Cryoconservation of animal genetic resources

These guidelines provide advice on how to plan and implement a cryoconservation programme (conservation based on the maintenance of frozen genetic material): from priority setting and institutional development to the practicalities of designing and constructing a gene bank and cryoconserving different types genetic material. They were endorsed by the Commission at its Thirteenth Regular Session in 2011.

In vivo conservation of animal genetic resources

These guidelines provide advice on how to plan and implement an in vivo conservation programme (conservation based on the maintenance of live animals): from the development of a national conservation strategy to the implementation of breeding programmes in small populations and a range of methods that can be used to promote the self-sustainability of at-risk breeds. They were endorsed by the Commission at its Fourteenth Regular Session in 2013.

Preparation of national strategies and action plans for animal genetic resources

Preparing and implementing national strategies and action plans helps countries translate the Global Plan of Action for Animal Genetic Resources into comprehensive and effective national approaches to the sustainable use, development and conservation of livestock biodiversity. These guidelines, which were endorsed by the Commission at its Twelfth Regular Session in 2009, set out a practical approach to the development of a national strategy and action plan, describing how to get the planning process started, implemented and completed – culminating in government endorsement of the plan. They may also be useful in the revision and implementation of National Biodiversity Strategies and Action Plans.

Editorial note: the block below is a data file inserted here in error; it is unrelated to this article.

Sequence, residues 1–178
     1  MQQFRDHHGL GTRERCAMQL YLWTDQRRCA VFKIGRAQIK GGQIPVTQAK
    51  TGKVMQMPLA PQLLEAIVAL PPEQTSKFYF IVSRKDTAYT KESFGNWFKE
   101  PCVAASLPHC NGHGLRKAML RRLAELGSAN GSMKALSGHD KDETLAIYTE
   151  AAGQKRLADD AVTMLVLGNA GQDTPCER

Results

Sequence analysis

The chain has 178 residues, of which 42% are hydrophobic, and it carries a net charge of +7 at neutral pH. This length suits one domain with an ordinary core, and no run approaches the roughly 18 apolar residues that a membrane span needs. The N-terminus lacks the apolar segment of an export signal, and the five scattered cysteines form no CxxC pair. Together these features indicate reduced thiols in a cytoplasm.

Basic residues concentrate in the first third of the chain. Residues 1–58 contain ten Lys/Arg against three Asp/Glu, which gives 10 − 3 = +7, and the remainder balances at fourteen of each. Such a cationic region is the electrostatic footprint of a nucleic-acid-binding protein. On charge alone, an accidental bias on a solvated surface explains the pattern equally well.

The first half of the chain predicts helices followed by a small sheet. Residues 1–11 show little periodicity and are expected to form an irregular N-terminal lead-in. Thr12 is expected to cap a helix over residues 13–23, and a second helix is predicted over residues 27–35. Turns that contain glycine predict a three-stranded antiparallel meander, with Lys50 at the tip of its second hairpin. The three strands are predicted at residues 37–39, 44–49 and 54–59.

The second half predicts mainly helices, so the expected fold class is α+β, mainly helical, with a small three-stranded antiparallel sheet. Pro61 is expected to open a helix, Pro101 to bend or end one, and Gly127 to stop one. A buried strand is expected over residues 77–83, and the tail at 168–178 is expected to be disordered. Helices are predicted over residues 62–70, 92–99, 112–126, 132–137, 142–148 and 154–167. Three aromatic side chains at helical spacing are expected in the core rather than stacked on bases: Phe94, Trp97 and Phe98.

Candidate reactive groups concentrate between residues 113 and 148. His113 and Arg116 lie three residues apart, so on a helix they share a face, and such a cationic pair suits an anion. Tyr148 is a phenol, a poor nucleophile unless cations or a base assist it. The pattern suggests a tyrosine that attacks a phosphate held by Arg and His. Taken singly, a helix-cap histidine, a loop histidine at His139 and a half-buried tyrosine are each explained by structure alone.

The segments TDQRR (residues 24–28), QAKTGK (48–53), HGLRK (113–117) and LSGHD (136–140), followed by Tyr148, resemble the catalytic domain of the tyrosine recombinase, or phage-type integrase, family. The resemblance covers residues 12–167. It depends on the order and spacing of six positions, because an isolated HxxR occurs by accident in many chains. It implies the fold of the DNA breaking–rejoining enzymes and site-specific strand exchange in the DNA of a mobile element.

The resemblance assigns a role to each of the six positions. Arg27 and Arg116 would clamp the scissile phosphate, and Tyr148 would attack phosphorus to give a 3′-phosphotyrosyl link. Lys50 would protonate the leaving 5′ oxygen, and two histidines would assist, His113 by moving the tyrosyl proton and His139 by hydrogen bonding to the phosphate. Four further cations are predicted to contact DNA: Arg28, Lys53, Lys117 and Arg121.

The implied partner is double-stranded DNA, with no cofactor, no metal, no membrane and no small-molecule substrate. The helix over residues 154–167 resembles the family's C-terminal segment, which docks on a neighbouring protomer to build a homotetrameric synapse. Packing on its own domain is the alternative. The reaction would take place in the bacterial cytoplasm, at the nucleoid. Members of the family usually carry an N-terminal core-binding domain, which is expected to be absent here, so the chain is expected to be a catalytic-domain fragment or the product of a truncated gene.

Developing the institutional framework for the management of animal genetic resources 

A sound institutional framework provides a basis for effective management of animal genetic resources both nationally and internationally. These guidelines  present an overview of the components of the global network for the management of animal genetic resources and provide advice on how these components can be strengthened at national and regional levels. They were endorsed by the Commission at its Thirteenth Regular Session in 2011.

Guidelines supporting the implementation of the Global Plan of Action for Animal Genetic Resources

Aquatic Genetic Resources for Food and Agriculture

Technical Guidelines for responsible fisheries and aquaculture development – 3. Genetic resource management

At its Eleventh Regular Session in 2007, the Commission recognized the importance and vulnerability of aquatic genetic resources, their roles in an ecosystem approach to food and agriculture, and their contributions to meeting the challenges presented by climate change. The Commission also confirmed the need to develop technical guidelines for the conservation and sustainable use of aquatic genetic resources in relation to the FAO Code of Conduct for Responsible Fisheries. Together with FAO's Regular Programme, the World Fisheries Trust and technical experts, the Commission supported the preparation of the guidelines Aquaculture development – 3. Genetic resource management  by FAO's Fisheries and Aquaculture Department. The guidelines were developed to support FAO's Code of Conduct for Responsible Fisheries. They provide a set of instruments that support the improvement of genetic resources management in aquaculture and are addressed to decision-makers as well as to senior resource officers, consumers and others interested in responsible fisheries and aquaculture.

Plant Genetic Resources for Food and Agriculture